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a noted political adventurer, and well known about sixty years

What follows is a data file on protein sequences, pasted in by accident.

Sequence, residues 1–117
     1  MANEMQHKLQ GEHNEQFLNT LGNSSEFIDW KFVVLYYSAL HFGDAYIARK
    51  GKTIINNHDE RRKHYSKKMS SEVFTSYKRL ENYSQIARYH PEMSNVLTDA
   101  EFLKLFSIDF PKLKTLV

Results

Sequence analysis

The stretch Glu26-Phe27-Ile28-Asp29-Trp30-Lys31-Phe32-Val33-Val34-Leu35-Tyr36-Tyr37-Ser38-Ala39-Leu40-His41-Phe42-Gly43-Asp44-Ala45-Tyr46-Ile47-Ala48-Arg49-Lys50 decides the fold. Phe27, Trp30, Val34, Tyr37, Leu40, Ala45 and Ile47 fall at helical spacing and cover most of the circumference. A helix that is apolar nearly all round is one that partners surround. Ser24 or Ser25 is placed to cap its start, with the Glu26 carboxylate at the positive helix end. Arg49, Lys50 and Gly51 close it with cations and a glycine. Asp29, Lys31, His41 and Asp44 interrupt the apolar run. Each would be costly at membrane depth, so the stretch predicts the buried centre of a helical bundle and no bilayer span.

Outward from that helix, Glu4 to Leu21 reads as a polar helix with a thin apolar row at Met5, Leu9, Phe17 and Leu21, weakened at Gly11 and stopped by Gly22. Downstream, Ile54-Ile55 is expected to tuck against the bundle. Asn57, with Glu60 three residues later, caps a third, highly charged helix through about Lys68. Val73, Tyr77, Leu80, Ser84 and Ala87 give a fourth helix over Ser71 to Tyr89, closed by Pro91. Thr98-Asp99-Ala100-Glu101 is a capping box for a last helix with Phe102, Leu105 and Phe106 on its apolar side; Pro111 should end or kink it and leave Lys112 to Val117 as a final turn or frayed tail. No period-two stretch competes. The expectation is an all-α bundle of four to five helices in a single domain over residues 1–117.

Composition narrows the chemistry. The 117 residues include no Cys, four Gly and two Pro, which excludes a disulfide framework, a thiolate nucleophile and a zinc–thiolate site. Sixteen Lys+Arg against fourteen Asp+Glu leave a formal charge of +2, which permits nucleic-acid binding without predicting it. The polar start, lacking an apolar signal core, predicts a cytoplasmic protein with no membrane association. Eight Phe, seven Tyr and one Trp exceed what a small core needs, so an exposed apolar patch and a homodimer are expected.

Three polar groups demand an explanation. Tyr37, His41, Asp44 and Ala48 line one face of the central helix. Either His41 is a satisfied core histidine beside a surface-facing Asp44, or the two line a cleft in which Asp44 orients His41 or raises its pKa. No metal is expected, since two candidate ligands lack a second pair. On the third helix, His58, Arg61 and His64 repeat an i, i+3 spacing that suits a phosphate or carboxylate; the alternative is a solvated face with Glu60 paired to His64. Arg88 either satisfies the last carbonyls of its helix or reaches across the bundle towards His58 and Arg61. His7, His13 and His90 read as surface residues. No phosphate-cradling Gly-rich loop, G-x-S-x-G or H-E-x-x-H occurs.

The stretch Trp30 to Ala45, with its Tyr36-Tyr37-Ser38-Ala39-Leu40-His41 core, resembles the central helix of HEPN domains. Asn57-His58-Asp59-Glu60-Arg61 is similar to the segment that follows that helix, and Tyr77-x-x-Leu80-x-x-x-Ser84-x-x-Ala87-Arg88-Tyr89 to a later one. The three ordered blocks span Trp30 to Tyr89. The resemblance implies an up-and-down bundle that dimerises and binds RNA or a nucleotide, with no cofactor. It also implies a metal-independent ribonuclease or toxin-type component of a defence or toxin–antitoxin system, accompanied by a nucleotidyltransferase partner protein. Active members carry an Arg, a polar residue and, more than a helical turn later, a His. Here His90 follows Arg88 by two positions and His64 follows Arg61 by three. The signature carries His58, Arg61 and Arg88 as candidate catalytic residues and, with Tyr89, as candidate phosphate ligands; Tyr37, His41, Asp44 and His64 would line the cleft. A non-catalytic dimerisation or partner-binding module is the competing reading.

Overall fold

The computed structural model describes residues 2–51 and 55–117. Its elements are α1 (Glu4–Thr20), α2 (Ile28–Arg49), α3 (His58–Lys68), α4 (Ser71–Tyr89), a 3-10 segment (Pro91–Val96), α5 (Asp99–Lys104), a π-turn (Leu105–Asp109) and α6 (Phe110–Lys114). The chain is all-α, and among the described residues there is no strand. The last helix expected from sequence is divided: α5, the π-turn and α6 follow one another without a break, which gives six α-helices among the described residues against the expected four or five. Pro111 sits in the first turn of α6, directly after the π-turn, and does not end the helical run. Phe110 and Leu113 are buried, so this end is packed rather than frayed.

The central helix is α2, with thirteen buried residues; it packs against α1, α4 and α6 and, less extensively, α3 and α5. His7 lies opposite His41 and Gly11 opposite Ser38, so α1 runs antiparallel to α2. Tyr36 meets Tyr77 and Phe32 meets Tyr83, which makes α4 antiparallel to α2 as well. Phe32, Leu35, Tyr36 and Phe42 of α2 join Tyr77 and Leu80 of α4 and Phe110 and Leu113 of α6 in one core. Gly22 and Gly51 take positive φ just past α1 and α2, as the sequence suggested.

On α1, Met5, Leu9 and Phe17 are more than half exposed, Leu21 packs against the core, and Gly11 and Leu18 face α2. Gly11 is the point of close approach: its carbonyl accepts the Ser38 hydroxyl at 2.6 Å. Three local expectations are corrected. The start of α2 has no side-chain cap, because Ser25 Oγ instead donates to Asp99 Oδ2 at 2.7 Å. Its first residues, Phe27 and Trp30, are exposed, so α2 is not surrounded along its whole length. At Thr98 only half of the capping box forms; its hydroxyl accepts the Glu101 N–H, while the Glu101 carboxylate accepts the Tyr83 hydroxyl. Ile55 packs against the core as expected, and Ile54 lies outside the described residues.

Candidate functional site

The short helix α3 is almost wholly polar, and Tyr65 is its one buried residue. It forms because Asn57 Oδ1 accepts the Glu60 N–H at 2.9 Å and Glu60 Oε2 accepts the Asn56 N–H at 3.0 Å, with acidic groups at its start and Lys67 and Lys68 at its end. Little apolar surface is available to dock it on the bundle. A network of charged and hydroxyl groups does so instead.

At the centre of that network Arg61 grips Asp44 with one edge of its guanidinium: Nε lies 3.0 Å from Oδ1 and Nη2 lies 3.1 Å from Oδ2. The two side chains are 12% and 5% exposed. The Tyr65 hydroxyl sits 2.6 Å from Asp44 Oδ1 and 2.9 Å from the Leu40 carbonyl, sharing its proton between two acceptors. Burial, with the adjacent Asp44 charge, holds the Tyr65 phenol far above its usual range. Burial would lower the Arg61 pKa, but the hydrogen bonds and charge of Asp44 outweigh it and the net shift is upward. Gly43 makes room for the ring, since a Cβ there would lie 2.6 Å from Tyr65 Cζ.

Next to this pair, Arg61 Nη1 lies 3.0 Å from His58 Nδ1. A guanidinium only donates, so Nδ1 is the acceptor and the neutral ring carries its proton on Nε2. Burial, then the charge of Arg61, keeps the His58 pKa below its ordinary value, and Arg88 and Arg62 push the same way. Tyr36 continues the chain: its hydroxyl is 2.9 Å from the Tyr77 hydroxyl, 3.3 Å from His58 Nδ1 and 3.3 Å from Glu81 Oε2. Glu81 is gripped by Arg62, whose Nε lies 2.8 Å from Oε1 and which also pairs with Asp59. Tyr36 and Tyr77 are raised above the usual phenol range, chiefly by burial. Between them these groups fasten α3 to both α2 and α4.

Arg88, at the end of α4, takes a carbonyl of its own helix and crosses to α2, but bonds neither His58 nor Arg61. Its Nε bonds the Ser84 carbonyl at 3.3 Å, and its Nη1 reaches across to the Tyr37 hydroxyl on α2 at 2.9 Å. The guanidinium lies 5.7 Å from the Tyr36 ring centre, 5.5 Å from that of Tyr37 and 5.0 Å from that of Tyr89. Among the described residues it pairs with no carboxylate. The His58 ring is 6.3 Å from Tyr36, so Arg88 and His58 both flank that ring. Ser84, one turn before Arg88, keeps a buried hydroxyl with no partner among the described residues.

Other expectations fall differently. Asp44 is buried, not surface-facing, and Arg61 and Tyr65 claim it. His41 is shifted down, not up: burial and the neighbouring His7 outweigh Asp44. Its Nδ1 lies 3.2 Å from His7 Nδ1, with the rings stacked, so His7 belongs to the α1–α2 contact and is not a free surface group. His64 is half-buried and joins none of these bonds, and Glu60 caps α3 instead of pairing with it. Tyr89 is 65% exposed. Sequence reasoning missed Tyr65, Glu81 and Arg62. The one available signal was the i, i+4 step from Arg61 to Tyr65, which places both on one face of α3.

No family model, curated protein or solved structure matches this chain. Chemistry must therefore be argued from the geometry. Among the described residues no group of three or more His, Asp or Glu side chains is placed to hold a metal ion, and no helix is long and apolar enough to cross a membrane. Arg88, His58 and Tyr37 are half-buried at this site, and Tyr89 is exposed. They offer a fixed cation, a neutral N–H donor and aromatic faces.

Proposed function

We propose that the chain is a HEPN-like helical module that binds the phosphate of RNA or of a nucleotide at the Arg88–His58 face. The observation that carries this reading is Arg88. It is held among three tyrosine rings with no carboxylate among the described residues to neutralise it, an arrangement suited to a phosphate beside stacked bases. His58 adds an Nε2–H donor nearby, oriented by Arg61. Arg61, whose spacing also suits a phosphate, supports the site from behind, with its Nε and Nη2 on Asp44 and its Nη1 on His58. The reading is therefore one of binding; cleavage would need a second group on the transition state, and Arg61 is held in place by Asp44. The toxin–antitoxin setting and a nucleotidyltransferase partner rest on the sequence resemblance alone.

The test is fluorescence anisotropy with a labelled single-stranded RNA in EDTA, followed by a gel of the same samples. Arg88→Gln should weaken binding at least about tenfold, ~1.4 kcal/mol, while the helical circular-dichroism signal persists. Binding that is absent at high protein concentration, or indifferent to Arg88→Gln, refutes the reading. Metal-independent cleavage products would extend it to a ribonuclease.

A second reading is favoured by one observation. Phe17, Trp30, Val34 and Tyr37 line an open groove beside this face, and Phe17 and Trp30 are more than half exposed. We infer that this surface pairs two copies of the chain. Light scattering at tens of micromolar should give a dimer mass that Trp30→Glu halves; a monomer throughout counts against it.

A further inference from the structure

, a noted political adventurer, and well known about sixty years ago, as the editor of the Brussels Gazette, was born at Rouen in 1721. He took the habit of a capuchin in 1740, but broke through his religious engagements as soon as he found them incompatible with his inclinations, and determined to seek that fortune in foreign countries which he could no longer hope for in France. Of his future proceedings we have two accounts; the one, that he eloped with a nun, professed himself a protestant, and came to Brussels, where he obtained the protection of M. Kinschot, resident of the States, by whose means he got safe to Holland. Here a Saxon count falling in love with his nun, carried her with him to Dresden, and, at the same time recommended Maubert to a Saxon nobleman in that city, as preceptor to his sons. The other account, not the more true for being his own, conducts him in a more honourable manner, to the office of tutor to the young count de Rutowski, while he had also obtained an introduction to count Bruhl. The father of his pupil being an inveterate enemy of count Bruhl, had engaged with some friends to ruin him, and found Maubert by no means reluctant to assist in the plot. He accordingly drew up a deduction of grievances, which gained him the applause and confidence of the party, and greatly flattered his ambition. The plot being discovered, however, Maubert was arrested at the hotel de Rutowski, and irv a few weeks was sent to the fortress of Konigstein, where, he says, he was treated handsomely, allowed even luxuries, provided with books, and the liberty of walking and visiting in the fortress, with no other guard than a subaltern officer. Of his release we have also two accounts; the one, that it was accomplished by interest, the other by fraud. This was not the only prison, however, which he had occasion to visit and escape from; the rest of his life forms a series of adventures, more fit for a romance than any other species of narrative, and consists of the vicissitudes to which he was exposed by selling his talents, such as they were, to the best bidder, and writing on the side of that nation or government which paid him best.